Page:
I’m still playing catch-up on these class summaries from last semester.Oh well. This is from Monday ..2011
One part of being a historian that I am not as wild about is following style rules when writing. I understand why it’s important, but it is rather aggravating nonetheless. Naturally, no one has yet decided on a universal historical style citation guide. Someone should, seriously.
In the States, Chicago style is quite common. On this side of the pond, I believe Oxford—or something called something approximately like Oxford—is common. At Queens? Irish Historical Studies.
Since you probably won’t ever have to follow I.H.S. rules, I’ll spare you the boring details. Basically, they are the rules for contributors to the Irish Historical Studies journal. Some make sense. Some do not. Failure to follow them results in marks being taken away. I’m pretty sure I.H.S. is convinced failure to follow them will result in the collapse of the island.
If you are in the states, here are a few things you might find interesting (not all apply to I.H.S. specifically):
- This side of the Atlantic prefers single quotation marks to double marks. Thus ‘To be or not to be’ rather that “To be or not to be”. Crazy. Quotations within quotations then become double marks. Logical, really, but confusing as heck when you still use the American system and simultaneously use the British system. My apologies if I switch in my writing here.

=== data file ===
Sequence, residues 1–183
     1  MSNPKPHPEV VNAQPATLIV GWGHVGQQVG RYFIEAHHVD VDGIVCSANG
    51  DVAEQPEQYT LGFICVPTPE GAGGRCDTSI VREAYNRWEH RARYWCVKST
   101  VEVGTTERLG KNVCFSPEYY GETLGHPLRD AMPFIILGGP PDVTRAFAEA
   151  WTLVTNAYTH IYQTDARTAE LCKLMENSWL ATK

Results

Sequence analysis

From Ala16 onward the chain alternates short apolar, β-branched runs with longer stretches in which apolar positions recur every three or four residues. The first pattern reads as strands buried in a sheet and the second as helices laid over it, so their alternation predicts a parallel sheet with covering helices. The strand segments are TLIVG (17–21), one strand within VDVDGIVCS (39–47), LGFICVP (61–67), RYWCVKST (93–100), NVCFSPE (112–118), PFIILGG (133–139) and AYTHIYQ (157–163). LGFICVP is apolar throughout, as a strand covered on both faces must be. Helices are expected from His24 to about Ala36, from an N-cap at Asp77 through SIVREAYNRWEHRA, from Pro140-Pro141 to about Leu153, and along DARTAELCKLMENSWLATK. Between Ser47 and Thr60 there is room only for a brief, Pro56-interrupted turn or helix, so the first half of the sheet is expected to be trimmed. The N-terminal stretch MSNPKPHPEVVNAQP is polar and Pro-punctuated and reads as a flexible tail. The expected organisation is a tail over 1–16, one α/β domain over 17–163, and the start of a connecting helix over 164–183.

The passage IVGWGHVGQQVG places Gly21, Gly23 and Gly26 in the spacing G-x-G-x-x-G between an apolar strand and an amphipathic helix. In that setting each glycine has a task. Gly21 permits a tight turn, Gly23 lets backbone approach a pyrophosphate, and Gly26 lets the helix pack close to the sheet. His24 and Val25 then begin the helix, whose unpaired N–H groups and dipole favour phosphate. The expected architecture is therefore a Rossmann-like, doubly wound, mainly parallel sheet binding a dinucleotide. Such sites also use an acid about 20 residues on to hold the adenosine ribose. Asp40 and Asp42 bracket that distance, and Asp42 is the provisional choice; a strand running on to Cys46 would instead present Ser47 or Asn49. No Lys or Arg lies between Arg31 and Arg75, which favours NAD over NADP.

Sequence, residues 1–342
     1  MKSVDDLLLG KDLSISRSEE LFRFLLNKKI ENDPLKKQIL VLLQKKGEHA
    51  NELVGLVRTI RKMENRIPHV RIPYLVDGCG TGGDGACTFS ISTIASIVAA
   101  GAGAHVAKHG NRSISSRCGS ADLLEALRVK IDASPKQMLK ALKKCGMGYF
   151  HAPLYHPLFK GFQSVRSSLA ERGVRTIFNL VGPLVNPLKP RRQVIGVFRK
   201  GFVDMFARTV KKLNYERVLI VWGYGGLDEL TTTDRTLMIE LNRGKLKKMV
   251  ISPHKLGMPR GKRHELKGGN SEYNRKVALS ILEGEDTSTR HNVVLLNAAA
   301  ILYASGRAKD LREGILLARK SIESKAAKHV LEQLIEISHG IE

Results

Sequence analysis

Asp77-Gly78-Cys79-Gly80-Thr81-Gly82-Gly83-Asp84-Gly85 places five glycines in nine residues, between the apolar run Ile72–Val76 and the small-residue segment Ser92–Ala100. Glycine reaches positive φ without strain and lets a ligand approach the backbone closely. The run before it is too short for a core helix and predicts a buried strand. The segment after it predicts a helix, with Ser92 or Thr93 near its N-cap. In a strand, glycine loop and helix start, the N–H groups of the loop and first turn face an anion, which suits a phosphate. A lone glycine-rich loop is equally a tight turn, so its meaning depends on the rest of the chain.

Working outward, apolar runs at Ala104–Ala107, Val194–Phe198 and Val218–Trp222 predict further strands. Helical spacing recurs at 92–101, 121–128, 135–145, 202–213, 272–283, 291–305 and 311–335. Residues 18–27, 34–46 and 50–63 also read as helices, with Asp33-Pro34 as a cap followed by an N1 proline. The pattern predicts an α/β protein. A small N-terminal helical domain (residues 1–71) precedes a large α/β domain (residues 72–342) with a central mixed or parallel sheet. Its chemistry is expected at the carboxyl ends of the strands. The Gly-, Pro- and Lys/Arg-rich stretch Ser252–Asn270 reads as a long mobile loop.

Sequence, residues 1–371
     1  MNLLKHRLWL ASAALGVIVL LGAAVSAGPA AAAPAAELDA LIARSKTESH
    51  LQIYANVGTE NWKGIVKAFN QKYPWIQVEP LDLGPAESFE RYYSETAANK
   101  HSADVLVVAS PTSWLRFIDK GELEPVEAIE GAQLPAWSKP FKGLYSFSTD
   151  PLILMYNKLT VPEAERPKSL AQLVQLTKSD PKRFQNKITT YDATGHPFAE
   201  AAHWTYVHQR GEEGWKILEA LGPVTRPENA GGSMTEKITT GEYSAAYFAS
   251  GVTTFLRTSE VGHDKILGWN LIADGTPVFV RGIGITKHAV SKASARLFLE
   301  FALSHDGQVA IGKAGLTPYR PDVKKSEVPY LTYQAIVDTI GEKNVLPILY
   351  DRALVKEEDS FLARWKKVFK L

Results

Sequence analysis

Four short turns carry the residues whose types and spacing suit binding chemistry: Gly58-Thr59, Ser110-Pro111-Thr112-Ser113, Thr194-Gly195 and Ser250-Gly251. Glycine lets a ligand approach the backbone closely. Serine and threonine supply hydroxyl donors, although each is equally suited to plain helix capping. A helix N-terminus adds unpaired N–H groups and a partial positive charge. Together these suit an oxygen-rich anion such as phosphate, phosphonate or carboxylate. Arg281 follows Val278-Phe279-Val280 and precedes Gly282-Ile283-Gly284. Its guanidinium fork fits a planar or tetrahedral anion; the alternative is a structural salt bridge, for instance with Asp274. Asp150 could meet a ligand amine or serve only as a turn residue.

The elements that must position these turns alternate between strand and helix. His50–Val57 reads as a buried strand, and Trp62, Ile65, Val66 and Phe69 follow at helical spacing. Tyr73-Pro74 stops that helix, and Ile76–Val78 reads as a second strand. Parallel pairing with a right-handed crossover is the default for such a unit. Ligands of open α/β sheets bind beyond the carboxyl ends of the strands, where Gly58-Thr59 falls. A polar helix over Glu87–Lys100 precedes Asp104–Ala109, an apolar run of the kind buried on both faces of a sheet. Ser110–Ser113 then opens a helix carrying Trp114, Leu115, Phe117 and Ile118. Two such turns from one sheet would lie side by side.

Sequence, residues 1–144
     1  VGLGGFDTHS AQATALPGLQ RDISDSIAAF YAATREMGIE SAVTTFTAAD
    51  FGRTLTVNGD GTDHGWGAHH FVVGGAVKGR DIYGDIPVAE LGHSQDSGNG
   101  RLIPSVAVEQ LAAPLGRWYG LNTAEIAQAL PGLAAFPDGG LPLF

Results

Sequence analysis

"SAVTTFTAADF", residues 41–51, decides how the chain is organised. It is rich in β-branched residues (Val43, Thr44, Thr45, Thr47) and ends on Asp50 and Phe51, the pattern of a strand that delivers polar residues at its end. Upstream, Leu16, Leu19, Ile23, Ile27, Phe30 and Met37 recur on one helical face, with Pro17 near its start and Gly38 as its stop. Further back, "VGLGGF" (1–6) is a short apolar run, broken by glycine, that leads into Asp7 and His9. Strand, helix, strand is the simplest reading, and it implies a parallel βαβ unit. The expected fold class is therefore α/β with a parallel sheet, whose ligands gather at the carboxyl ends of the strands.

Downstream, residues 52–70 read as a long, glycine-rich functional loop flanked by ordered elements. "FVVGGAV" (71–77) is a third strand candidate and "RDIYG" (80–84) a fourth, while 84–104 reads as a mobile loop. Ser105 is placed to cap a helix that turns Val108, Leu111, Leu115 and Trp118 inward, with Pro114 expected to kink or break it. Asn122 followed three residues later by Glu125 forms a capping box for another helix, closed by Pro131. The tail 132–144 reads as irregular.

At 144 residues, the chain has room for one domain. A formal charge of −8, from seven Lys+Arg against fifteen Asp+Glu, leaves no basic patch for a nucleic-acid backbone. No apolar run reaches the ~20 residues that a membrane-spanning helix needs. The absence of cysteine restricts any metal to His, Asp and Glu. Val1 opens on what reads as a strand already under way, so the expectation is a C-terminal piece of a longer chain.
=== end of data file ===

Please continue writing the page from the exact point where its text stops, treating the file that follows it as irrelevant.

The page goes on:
- Capitals, according to I.H.S. are of the devil. Do not use capital letters.
- Never abbreviate journal titles, except of course, I.H.S. ‘Cause it’s special.
- Generally place a period after abbreviations, except those abbreviations which you don’t need to [2. Confused? Yeah, it’s a bit convoluted]
- For example: ‘eds’ is ok. ‘ed’ is not. You’ll get in trouble for just putting ‘ed’ down. [3. In truth, it generally is whether or not the abbreviation is truly an abbreviation or a contraction. Contractions=no punctuation. Abbr.=well, you see :)]
- Never break up a citation with a period. Commas. Commas are your friend.
- There is a significant difference between ‘p.’ and ‘pp’. And ‘p’ is incorrect while ‘pp’ is correct.
Ok, ok in truth the rules are good to have. I feel like using a pretty specific journal for the rules might be, well, specific. But rules are good. And this class period was quite helpful to me to understand them better.
This is a part of my History at Queens series. I am writing on what I’m learning in my modules and as a part of my own research. Hope you enjoy!